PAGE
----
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Forces of Nature

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All-Reviews.com Movie Review: Forces of Nature

Starring: Sandra Bullock, Ben Affleck
Director: Bronwen Hughes
Rated: PG-13
RunTime: 106 Minutes
Release Date: March 1999
Genres: Comedy, Romance


*Also starring: Ronny Cox, Bert Remsen, Maura Tierney, Blythe Danner, Steve Zahn



Review by Walter Frith
2½ stars out of 4

Suppose you are about to tie the knot. You are forced to travel on the road after your plane ride goes awry on the way to your wedding destination, a number of strangers you pass like a ship in the night strike up a friendly and time consuming conversation with you where you hear alleged horror stories about the padlock known as marriage where conservative belief is that in most cases it's all supposed to work out and things will remain rosy but the truth is that people, as different as they all are, sometimes have a hard time staying with the same person for their whole life. That is the premise behind 'Forces of Nature'.

Ben Affleck stars as Ben Holmes, a New York City writer who is engaged to a southern belle from Savannah, Georgia named Bridget (Maura Tierney). Her family is wealthy. Her father (Ronny Cox) is a straight shooting conservative businessman and her mother (Blythe Danner) voted twice for Clinton because as she puts it: "All the best presidents sleep around". Ben's mother and father are upper middle class and don't see eye to eye with their southern in-laws. As his coach flight is about to take off, a freak accident occurs that prevents the plane from taking off and Ben now has to find an alternative form of transportation. He travels with a woman who believes he saved her life named Sarah (Sandra Bullock), a free spirited woman who won't be held down by anything and travels in whatever direction the wind is blowing. They experience all the bad luck you can imagine such as the kind of fun (for the audience only) that Steve Martin and John Candy experienced in 1987's 'Planes, Trains & Automobiles'.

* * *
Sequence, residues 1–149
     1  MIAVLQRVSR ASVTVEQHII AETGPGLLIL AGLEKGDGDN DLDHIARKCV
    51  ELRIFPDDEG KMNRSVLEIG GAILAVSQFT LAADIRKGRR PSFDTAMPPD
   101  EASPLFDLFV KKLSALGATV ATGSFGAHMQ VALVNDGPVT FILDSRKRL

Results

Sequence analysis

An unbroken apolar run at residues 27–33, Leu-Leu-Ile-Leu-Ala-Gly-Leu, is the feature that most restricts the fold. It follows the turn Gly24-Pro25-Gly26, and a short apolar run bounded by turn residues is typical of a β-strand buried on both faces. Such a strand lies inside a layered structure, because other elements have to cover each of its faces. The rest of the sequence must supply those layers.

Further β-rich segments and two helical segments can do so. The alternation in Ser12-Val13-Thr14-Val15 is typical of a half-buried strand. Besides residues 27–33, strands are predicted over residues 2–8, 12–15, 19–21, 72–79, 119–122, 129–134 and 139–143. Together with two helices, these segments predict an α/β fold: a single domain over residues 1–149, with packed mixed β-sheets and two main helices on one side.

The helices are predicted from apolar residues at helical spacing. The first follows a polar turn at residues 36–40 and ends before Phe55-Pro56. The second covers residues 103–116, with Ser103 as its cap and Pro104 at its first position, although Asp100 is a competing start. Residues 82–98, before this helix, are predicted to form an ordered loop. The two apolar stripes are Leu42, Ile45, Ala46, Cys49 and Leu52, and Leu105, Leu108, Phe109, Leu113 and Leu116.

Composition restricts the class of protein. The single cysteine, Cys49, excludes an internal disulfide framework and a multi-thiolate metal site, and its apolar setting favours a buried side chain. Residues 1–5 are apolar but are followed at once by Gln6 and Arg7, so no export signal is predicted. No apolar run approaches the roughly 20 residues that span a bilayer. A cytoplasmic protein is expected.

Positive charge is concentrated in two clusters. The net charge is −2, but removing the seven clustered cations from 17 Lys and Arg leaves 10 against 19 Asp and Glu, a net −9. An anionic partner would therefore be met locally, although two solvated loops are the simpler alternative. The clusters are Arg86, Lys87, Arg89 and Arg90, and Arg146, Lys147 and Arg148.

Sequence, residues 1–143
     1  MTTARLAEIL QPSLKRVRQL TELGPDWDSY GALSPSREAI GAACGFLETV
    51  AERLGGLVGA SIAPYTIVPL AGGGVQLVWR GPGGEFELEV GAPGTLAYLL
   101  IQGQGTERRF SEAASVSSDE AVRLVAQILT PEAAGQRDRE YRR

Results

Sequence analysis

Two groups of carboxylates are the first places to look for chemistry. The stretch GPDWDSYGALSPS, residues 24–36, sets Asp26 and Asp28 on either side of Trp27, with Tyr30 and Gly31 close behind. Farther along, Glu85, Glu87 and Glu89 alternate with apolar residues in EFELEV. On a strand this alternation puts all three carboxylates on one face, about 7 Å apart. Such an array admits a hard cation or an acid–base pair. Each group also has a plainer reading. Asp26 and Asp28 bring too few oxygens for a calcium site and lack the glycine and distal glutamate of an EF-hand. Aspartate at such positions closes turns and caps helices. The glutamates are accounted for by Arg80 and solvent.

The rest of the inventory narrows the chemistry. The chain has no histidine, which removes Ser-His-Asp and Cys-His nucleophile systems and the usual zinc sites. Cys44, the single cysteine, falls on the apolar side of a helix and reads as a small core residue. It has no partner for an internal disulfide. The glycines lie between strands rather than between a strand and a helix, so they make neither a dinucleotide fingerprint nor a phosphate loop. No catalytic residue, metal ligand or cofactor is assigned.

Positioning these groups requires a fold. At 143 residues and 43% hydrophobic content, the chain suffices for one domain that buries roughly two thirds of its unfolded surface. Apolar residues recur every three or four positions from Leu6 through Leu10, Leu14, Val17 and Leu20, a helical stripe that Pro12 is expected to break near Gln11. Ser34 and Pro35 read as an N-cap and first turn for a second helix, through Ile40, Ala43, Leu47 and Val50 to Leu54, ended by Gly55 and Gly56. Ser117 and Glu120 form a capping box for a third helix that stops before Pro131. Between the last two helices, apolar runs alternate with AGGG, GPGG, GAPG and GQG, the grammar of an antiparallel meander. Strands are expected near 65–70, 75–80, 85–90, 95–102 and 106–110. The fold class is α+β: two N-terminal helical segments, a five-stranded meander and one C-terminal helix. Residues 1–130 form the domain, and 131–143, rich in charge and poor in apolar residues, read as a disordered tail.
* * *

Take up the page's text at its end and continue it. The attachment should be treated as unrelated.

The film's entertainment value trickles down slowly like a pleasant light rain. It's constant and very relieving and even manages to remain very witty along the way. If you're going to tell a story about two people who learn something about each other and apply it separately to their own lives, it's a good idea to balance the amount of time each has on screen and this is done perfectly. And what really makes the film work is that neither Ben Affleck or Sandra Bullock try to upstage one another. Their personalities enhance the film extremely well and they have the perfect on screen chemistry needed to make any relationship picture work.

Director Bronwen Hughes ('Harriet the Spy'), gives his film a good pace but about half way through, it slows down considerably --- more than it should actually, but picks itself up for a satisfying conclusion.

'Forces of Nature' works for another good reason. The script by Marc Lawrence, Ian Bryce, and Donna Roth has a tendency to look for acute social observations on marriage, divorce, parenthood and relationships without making it look obvious. The film's dialogue flows so naturally that personality is the movie's strongest trait.

Copyright 2000 Walter Frith

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